United Nations authorities have observed that the use of prolonged restraints or placement persons with disabilities in cages causes severe physical and emotional suffering, amounting to inhumane and degrading treatment or torture in violation of international law.
We saw numerous children left improperly in cribs and wheelchairs in a manner where their bones could be easily broken by getting caught in openings (9, 12, 14). We observed one woman in an ill-fitting wheelchair (24) contributing to problems with her back and posture. Staff reported that this woman is ambulatory but was placed in the wheelchair because she was blind and staff found it easier to move her around in the wheelchair.
At one group home (14), investigators encountered a 16 year-old boy with cerebral palsy in a wheelchair that was ill-fitting and broken. Due to his spasticity, his arms were caught under the chair arms and the metal was digging into his skin. When the DRI team member assisted him to remove his arm, it was dark purple with scratches and indentations. The boy was yelling that his legs were caught under the footrest. The DRI investigator assisted him to free his feet and he stopped shouting.
Investigators observed children in beanbag chairs left to stare at the ceiling (4, 7) and children in wheelchairs pointed toward the wall (2). Leaving children isolated in these positions inhibits social interaction and contributes to social isolation and emotional damage. Cognitive deprivation from treatment in Bulgaria’s group homes leads to further developmental disabilities. Many children do not eat adequately because of lack of support and assistance with eating. Children who are malnourished are not put on special high calorie diets. As a result of this lack of support, these children are left with serious health problems. Investigators also observed children left without dental care and who did not have teeth at all. This also limits their ability to eat healthy food. These conditions are identical to those DRI has commonly observed in institutions.
In a number of facilities, investigators observed the denial of essential medical care and treatment. In some group homes investigators observed a pervasive lack of dental care and children with missing teeth – including dangerously decayed roots (12). Investigators observed children with disabilities placed in chairs and wheelchairs without appropriate support in a manner that is dangerous. As noted above, investigators observed numerous children and young people who were dangerously thin and malnourished (e.g. 12) but had never had any consultation with a nutritionist and were not receiving any special assistance or high-calorie food to help them gain weight (19, 20, 21).
In a specialized “medical” group home designated for children in need of “continuous care,” investigators encountered a child with hydrocephalus, leading to a dangerously swollen head because of the accumulation of fluid. This condition can be treated by insertion of a shunt to drain fluid from the head and relieve pressure, a medical procedure which is available in Bulgaria. We received various conflicting explanations for his lack of treatment from staff – that parents refused to authorize it, that it was “too late” because the child was already so disabled, or simply that doctors never really explored the possibility. Staff said that the doctor at the child’s former institution was responsible for not getting an evaluation. Yet investigators were told that the same doctor worked at the group home where the child was placed for more than two years and apparently never obtained a full evaluation or treatment during that time.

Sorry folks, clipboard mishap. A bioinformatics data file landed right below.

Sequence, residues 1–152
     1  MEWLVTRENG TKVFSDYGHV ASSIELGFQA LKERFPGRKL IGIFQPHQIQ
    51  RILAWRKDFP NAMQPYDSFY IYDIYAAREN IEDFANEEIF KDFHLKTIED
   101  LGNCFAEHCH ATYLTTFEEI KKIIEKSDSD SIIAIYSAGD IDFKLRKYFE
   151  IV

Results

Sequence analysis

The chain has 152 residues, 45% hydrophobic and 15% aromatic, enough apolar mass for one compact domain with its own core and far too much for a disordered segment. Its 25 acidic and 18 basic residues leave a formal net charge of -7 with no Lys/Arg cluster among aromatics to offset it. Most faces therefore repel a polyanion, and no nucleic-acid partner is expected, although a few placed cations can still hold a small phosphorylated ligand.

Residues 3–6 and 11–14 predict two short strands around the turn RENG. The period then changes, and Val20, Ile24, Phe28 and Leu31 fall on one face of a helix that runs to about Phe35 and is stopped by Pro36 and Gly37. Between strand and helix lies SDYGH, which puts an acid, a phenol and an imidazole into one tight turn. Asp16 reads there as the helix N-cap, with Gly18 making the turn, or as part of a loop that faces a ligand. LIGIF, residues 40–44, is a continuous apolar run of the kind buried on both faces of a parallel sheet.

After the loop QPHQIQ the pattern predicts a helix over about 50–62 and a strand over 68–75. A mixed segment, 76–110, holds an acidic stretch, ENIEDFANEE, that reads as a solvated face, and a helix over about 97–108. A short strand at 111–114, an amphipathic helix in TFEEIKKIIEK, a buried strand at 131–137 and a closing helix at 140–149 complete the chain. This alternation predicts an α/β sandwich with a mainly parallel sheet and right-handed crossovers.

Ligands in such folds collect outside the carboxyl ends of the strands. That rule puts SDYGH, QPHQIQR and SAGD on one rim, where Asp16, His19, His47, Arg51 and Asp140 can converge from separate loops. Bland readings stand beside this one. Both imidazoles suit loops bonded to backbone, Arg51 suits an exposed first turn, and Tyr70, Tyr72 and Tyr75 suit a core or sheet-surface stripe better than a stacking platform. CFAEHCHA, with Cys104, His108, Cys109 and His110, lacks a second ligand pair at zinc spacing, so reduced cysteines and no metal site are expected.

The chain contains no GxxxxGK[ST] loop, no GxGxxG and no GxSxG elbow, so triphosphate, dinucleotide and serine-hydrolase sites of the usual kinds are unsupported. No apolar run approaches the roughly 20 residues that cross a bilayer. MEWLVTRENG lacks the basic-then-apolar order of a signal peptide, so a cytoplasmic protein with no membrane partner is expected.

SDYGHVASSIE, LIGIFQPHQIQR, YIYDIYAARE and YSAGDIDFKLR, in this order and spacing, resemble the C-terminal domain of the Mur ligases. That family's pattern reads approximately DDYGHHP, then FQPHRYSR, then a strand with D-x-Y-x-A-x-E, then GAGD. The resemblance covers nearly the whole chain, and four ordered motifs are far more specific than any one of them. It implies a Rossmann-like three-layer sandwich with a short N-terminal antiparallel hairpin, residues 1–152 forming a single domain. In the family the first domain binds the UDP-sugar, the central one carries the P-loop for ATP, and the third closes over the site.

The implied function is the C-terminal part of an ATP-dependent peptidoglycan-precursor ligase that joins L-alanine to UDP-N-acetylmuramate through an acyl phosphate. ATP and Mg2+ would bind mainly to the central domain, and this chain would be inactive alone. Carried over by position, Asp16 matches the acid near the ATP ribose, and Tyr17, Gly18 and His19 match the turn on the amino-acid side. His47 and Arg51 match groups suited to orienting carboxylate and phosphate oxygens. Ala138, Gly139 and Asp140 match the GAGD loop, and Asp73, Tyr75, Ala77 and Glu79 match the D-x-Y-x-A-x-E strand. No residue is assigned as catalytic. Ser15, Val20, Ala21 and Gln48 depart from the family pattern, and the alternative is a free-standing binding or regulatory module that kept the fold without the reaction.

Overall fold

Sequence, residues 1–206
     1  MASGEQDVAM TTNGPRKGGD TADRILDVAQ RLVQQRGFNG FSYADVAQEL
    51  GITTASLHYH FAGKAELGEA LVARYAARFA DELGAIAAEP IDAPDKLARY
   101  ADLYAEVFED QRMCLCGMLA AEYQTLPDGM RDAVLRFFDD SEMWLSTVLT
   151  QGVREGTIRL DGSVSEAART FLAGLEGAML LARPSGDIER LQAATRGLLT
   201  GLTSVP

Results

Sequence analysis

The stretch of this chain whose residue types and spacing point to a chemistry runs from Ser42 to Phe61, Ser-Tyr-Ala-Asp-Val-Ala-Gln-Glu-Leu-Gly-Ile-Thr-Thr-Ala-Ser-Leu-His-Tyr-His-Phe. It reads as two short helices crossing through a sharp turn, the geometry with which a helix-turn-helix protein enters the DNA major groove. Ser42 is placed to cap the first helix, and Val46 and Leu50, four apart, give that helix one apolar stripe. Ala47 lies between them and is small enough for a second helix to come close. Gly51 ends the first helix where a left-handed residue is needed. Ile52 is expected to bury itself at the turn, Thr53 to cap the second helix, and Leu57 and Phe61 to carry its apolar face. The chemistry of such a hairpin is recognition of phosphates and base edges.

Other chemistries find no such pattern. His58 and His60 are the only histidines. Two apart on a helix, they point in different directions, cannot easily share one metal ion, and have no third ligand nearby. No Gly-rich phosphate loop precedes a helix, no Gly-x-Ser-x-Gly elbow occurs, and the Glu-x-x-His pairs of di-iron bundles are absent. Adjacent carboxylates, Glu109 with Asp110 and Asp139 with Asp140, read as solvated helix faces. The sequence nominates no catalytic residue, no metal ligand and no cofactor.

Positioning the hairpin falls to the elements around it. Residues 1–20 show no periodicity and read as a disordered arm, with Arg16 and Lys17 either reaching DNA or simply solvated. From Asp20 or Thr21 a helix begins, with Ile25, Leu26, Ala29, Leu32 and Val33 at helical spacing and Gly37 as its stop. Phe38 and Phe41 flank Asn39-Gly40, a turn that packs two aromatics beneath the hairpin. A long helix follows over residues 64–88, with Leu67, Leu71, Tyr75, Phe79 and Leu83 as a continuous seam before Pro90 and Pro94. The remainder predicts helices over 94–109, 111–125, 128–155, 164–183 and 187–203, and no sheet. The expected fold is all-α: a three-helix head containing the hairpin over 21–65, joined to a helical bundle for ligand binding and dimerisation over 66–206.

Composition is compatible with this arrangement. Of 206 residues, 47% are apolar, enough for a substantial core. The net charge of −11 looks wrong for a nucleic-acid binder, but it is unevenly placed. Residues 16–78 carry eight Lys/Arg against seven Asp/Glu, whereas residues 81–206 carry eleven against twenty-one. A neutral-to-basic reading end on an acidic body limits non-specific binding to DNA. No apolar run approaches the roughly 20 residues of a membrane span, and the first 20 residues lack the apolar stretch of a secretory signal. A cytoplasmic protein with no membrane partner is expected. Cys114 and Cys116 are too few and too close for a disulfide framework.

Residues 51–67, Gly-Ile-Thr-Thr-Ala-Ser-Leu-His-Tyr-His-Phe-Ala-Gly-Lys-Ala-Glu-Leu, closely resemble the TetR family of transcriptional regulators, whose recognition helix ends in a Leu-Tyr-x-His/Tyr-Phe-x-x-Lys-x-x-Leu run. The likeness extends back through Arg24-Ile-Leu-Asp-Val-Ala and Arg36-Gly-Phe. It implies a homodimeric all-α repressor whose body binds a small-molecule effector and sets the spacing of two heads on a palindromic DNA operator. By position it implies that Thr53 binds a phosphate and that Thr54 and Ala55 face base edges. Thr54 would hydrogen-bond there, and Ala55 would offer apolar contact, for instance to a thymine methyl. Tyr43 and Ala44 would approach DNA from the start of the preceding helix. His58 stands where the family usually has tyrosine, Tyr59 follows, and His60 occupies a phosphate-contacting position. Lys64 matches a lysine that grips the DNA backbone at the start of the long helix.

The experience of advanced stage hydrocephalus – where a person’s head is so large they can barely move it or sit up – is extremely painful. Yet staff informed us that the child received no pain medication for his hydrocephalus. Leaving a child with untreated hydrocephalus and an enlarged head is known to be extremely painful, and the denial of pain medication has been ruled a form of torture by international human rights bodies.
This case also revealed a number of other dangerous practices on the part of the group home. We were told that the child with hydrocephalus had to be kept in total isolation from other people because he was at risk of infection – and had just returned from the hospital for treatment of pneumonia. When staff described feeding practices, they indicated that they spoon fed him while lying on his back. This improper feeding practice exposes the child to aspiration pneumonia. Despite this, the child’s total isolation from adults and children behind a wall of glass cannot be justified by his condition.
In many of the group homes DRI visited, investigators observed improper feeding, physical management and lack of support for eating, creating serious health dangers. As described earlier in this report, children are often left in ill-fitting wheelchairs or strollers without support – even though, in some cases, adaptive wheelchairs were found in the same facility. As observed by one DRI investigator:
Children with moderate to severe physical disabilities such as cerebral palsy, spina bifida, muscular dystrophy, developmental delay, etc., fail to develop postural control and require special seating systems or wheelchairs designed at providing an appropriate level of postural support, as well as offering comfort, skin protection, and stability to enable daily functional activities to be carried out at home and at school. Specially fabricated and professionally-designed therapeutic devices and services protect children from harm and regression. Appropriate physical management, including physical and occupational therapy services, should be designed and provided with the goal of enhancing the child’s capacity to function (i.e., enhance the ability of the child to move, sit upright, and participate in daily life activities) and to prevent loss of function and further deformity. Such practices were almost universally absent in the group homes we observed in Bulgaria. The skills required to provide this support could easily be provided through training and support of family members. Communication with the child is essential. For children who do not speak, understanding their needs may require long periods of close attention to non-verbal cues, very difficult to communicate to staff in the kind of rushed and chaotic environment we observed in group homes.